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HAWK-I Exposure Time Calculator

Important notes and bug reports

Note: These tools are only provided for the technical assessment of feasibility of the observations. Variations of the atmospheric conditions can strongly affect the required observation time. Calculated exposure times do not take into account instrument and telescope overheads. Users are advised to exert caution in the interpretation of the results and kindly requested to report any result which may appear inconsistent.

General description

The HTML/Java based interface allows to set the simulation parameters and examine interactively the model generated graphs. The ETC programs allow easy comparison of the different options relevant to an observing program, including target information, instrument configuration, variable atmospheric conditions and observing parameters. Being maintained on the ESO Web servers, the ETCs are regularly updated to reflect the known performance of ESO instruments.

The exposure time calculator consists of two pages.
Input page: The observation parameters page presents the entry fields and widgets for the target information, expected atmospheric conditions, instrument configuration, observation parameters such as exposure time or signal-to-noise, and results selection. An "Apply" button submits the parameters to the model executed on the ESO Web server.
Output page: The results page presents the computed results, including number of counts for the object and the sky, signal-to-noise ratios, instrument efficiencies, PSF size etc.. The optional graphs are displayed in several formats. Finally a summary of the input parameters is appended to the result page.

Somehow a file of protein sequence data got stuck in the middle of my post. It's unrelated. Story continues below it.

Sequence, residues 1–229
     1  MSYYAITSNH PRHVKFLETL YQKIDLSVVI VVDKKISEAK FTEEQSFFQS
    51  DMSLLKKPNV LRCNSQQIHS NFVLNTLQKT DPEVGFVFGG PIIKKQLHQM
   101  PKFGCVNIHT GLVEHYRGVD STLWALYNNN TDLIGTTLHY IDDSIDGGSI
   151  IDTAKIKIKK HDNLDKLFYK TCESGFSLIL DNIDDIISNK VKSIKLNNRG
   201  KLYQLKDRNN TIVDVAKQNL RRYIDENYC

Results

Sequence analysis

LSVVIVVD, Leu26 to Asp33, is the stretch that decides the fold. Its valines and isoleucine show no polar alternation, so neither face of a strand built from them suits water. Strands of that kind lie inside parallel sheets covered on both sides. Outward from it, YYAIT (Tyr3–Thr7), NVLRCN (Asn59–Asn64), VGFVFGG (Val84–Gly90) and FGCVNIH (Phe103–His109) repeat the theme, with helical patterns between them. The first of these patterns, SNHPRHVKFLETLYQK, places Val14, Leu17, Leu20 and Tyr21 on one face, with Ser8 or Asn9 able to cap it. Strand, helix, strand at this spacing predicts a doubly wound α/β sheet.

Note: These tools are only provided for technical assessment of observation feasibility. Variations of the atmospheric conditions can strongly affect the required observation time. Calculated exposure time do not take into account instrument and telescope overheads. Users are advised to exert caution in the interpretation of the results and to report any result which may be suspected to be inconsistent.

The exposure time calculator models the observation chain which includes the target spectral distribution, atmosphere parameters, instrument configuration, and detector setup. An instrument description for HAWK-I is available on the instrument page.

Input Spectrum

The following options are available to describe the input spectrum of the target.


The flux density is constant at all wavelengths (F(λ) = const.) The flux density level is determined from the specified object magnitude.